“(Mayweather) Said To Me, ‘You Alright For A B***h'” | Errol Spence Explains How “Money” Shaming Made Him Pivot

Photo courtesy of The Pivot Podcast

Ahead of Errol “The Truth” Spence Jr.’s unification fight against Yordenis Ugas this Saturday night at AT&T Stadium in Arlington, Texas, the welterweight king dished on how Floyd Mayweather motivated him through shame.

Spence joined the podcast “The Pivot,” where he talked about his experience sparring with boxing Hall of Famer and the sports resident cash cow, Floyd Mayweather.

Spence (27-0) revealed how he gained Mayweather’s respect after a couple of fights into his pro career by the end of their sparring session.

“Money” May Out Work You

“I was like 2-0 and I got invited to his training camp; I think it was against Robert Guerrero. I was just there watching him, and I was like a sponge, just soaking up everything to take back home and implement them into my game.

“He was training like he dead broke, like he needed a pair of drawers. He was training hard. That’s the biggest thing I got out of it. It didn’t matter what was going on; he was going to get his work in regardless.”

Then “Money May” gave Spence a massive dose of his notoriously direct opinion to remind him that he was working with self-proclaimed “The Best Ever.”

“Money” May Disrespect You

“We went on sparring for like five to seven minutes in a row,” Spence continued, “and we got out of the ring, and he said to me, ‘You all right for a b***h,’ and I didn’t hear him at first, and then he said it again.

“So I was like, ‘Okay, let’s put our sh*t back on. I said turn off the clock; we can go until somebody drops. We went in there and sparred for eight or nine more minutes and then he said, ‘Aight, that’s enough.’ I think I earned his respect though, he a dog, he’s like that for real.”

Spence is a 2012 U.S. Olympian who owns the WBC and IBF welterweight world titles. He’s been on a roll as the new dominant force in the division, but it was almost derailed when an October 2019 car accident left him hospitalized and his burgeoning career in jeopardy.

When Life Comes At You Fast

“It was a wake-up call, the most important thing, it gave me perspective,” said Spence. “Really made me sit down. I realized that all that outside distraction is really not important. What’s important are your family and the people close to you. Because when it’s over, that’s all you’ve got. It made me realize that I’m out here playing on borrowed time.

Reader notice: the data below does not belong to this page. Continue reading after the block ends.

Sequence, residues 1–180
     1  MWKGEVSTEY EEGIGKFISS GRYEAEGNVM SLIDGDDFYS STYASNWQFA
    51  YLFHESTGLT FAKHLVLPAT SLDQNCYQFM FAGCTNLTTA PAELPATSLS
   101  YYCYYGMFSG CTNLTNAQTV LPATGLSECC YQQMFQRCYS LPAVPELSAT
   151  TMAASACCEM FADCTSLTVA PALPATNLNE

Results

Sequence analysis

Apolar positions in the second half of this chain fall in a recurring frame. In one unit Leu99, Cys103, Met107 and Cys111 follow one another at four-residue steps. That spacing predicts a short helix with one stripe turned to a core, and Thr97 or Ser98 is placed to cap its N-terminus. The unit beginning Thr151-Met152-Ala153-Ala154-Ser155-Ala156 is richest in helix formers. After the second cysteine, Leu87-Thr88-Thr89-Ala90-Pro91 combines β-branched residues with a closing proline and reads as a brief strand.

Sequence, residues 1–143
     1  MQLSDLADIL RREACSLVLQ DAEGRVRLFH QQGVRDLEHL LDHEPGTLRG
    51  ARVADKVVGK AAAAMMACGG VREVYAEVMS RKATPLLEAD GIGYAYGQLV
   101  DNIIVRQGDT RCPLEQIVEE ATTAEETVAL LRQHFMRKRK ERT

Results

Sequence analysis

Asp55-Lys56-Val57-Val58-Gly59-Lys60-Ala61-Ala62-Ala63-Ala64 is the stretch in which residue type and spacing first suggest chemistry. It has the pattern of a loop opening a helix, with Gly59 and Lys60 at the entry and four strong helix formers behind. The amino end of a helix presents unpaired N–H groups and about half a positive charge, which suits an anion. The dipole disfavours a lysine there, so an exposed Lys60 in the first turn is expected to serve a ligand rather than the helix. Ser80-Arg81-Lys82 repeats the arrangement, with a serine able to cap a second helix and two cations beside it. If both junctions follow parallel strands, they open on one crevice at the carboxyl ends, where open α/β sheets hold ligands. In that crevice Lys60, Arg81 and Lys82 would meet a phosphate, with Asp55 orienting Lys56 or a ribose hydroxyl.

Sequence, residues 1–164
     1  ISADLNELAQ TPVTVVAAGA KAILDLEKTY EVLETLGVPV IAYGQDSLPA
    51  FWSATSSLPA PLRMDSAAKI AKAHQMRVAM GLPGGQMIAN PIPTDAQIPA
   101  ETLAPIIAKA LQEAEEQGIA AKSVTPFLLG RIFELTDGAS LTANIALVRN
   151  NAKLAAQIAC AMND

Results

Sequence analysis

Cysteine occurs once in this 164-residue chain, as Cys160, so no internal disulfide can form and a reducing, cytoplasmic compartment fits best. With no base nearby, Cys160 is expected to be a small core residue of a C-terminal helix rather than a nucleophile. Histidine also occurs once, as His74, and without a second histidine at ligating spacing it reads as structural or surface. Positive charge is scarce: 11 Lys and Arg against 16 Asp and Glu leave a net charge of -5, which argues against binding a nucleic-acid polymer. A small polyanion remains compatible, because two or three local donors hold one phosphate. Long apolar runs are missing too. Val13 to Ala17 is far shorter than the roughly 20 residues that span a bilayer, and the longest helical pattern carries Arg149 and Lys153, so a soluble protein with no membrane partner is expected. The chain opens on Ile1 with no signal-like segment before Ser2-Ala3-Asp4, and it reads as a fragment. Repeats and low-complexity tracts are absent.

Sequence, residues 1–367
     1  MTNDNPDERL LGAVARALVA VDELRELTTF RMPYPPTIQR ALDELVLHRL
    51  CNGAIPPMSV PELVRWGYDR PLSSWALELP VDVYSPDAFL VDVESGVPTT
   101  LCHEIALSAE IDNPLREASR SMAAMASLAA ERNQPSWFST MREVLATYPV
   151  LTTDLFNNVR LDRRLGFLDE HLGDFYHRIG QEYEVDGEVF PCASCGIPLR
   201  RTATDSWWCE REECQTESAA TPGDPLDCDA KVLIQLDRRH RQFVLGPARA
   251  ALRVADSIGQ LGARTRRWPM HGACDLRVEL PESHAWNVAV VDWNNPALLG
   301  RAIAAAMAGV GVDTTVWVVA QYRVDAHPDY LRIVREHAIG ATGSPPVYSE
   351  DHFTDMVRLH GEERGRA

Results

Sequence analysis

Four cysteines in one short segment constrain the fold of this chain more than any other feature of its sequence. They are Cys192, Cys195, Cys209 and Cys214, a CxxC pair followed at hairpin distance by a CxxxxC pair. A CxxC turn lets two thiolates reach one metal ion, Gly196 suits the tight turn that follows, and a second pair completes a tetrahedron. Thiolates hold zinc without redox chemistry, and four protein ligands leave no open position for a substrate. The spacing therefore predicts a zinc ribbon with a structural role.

“Then I started watching Eric Thomas and Les Brown and getting all them affirmations and things in my mind to keep going.

“Who can hurt me? If concrete couldn’t break anything in my body, so I feel like a man definitely can’t break me. Then coming straight out of the gate and fighting a guy like Danny Garcia, who is an ex world champion in multiple weight classes.”

Spence, who since has made a victorious return to the ring in December 2020, said the accident woke him up to new realities in his career and life.

Back On Track

“Everybody gets led astray a little bit,” Spence said. “It got to the point where I was kind of wandering. When you get to a certain age, and you’re making money, and you’re the man, you think you know everything.

“What a lot of people don’t realize is that you got to have discipline when you’re not in training camp. That’s the biggest factor. I wasn’t in that type of shape. I’d probably get to like 180, 185, and I was fighting at 147 pounds. I would be running in the morning with a sauna suit and then take a hot bath, trying to lose weight, running at night and going to the gym trying to kill myself to make the weight.”

The Ferrari Factor

Like many athletes that are young, rich, and flashy, it took a hard reality check to make him appreciate his position. He even named a white horse on his farm Ferrari, after the car he was driving during his accident.

“I’m always going to be reminded of the crash and I wanted to be reminded of the crash,” said Spence. “It definitely was a lesson, for my kids and it’s molded me into the man I am today.

“It made me be with my family more and realize that a lot of things that I thought were important, or just things that I was indulging in, were not as important as having the core strength of being with my family.”

Rhett Butler is a Boxing Writer Association of America Journalist, Play-By-Play Commentator, Combat Sports Insider, and Former Mixed Martial Arts and Boxing Promoter. The New York City native honed his skills at various news outlets including but not limited to: TIME Magazine, Money Magazine, CNN's Wolf Blitzer Reports, and more. Rhett hosts the PRITTY Left Hook podcast, a polarizing combat sports insider's take featuring the world's biggest names.